They were not brothers, in fact, not even distant cousins. Ranades of Hyrcania was a man in his full middle age with six importunate sons who might yet try to depose him, while the King of Kings was one such son among nine, who had succeeded in deposing his father, killed three of his brothers and set himself on the throne.
Nevertheless, the king of Hyrcania’s wide face was composed in lines of evident regret as he eased his supreme ruler free of the gold trappings that held him fast.   
Holding the body across his arms as he might carry a child, or a woman, he stepped his horse neatly backwards; a man born to horsemanship. The other kings stepped with him in a ring of royal mourning, each man gluing his shoulder tight to the next, for now was not a time to stand out from the crowd.  
Ranades IX, of course, already stood out: the murder had taken place on his land, in his kingdom, by a man invited to his court: Pantera.  
I felt the moment when seventeen kings turned their attention our way.  I held still only because Cadus held me, but Cadus himself was cursing under his breath, invoking gods and their progeny with a vicious invention that three years in his legion had yet to teach me.  
Pantera was not cursing.  Pantera, in fact, was leaning forward on his saddle, watching the kings with a kind of weary patience, as if he had better things to do, more interesting places to be.  Two or three of the men opposite recognized the loook and began to shout suggestions of how his death might be made as deeply interesting – and lengthy - as possible. Under Ranades’ stare, they fell silent.
‘Let the Nubians come forward.’  Gilded by a new authority, Ranades’ voice lifted over the shouts of his peers.
The forty Nubians hurried to his bidding, although, for the first few yards they carried with them the kingfisher pavilion. Enough of them had died for letting it dip below their waist level, that the rest would have carried it into living fire and died holding it, had they been so ordered.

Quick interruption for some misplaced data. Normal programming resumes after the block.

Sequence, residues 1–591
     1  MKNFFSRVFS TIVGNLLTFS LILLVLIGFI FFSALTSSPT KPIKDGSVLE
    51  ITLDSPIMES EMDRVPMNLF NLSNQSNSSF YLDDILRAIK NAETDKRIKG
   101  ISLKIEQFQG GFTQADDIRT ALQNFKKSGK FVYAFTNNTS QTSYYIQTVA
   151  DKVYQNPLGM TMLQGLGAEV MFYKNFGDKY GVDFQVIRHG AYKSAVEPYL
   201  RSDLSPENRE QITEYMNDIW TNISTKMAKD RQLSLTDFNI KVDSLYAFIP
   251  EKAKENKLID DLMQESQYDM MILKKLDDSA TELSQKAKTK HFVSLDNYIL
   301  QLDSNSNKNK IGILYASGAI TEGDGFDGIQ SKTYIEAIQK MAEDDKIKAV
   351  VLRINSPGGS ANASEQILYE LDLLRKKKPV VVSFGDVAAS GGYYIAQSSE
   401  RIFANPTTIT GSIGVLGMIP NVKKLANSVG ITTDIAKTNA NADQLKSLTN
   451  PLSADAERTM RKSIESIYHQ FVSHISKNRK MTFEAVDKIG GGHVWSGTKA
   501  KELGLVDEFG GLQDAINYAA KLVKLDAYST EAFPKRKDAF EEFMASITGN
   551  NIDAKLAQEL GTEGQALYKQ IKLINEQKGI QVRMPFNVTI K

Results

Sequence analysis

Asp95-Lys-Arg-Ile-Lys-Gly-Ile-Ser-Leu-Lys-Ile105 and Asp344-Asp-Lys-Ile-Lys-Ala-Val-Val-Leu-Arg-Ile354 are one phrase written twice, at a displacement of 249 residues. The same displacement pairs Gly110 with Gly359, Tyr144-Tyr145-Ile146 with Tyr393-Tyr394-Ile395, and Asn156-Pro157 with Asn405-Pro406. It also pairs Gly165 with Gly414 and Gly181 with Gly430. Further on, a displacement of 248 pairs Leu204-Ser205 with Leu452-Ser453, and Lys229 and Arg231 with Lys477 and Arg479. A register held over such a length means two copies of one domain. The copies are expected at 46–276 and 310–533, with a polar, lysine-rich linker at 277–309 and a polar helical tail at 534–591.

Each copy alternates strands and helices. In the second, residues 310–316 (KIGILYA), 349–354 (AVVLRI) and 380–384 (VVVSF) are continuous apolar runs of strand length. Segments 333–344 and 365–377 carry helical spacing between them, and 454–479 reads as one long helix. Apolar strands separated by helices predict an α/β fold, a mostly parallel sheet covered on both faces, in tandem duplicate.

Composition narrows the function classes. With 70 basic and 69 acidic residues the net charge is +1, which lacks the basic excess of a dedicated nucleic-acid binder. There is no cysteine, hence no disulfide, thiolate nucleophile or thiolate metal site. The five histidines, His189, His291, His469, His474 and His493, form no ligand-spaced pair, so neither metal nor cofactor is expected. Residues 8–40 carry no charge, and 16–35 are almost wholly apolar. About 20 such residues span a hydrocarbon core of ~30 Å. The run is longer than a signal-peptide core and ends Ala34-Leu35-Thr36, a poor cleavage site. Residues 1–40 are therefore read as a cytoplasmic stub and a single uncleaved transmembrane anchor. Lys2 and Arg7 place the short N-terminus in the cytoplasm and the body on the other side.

Ranades took a patient breath. He had grey eyes, the colour of iron, restless as the ocean, with not a shade of doubt in them that I could see.
‘Set down the pavilion. Bring only the trestle. Our Lord must be carried to the palace. You may not touch him.  There must be furs, somewhere, on which he can lie?’
He looked around, his gaze already glancing over the other kings as over lesser men and it became apparent that they had missed their first opportunity, and that, did they not act swiftly, all authority would leak from the dead man to this one, living, who was giving all the orders when the others gave none.
Three of the younger men, contemporaries of the dead king, caught each others’ eyes and, as one, stepped their horses smoothly back out of the royal group.  
They had features sharp as foxes beneath their beards, and were clearly related. Their eyes had the same vulpine slant, but their cheekbones were neither as high nor as distinct as those in Hyrcania, where men from the king downwards each had cheekbones jutting sharp as bridges beneath their eyes from which the rest of their face hung as an afterthought.
They wheeled their mounts, these fox-faced men with their black beards and hate-filled eyes and pushed them at me, at Vilius Cadus, and at Pantera, the trader-archer who had slaughtered the King of Kings, and so signed his own death warrant.
Yet who still carried his bow, and had at his hip a quiver full of arrows, several of them fletched in black.
As one who lives a whole life between heartbeats, I saw him nock one, and draw his bow to its fullest.
‘Which of you first?’ Pantera asked, and smiled.
The three bearded men hauled their horses to a mouth-destroying halt.  
‘Do you dare—?’ asked the first. The blue tern marked on his horses brow-harness marked him as Monobasus, king of Adiabene, a province to the south and west of Hyrcania.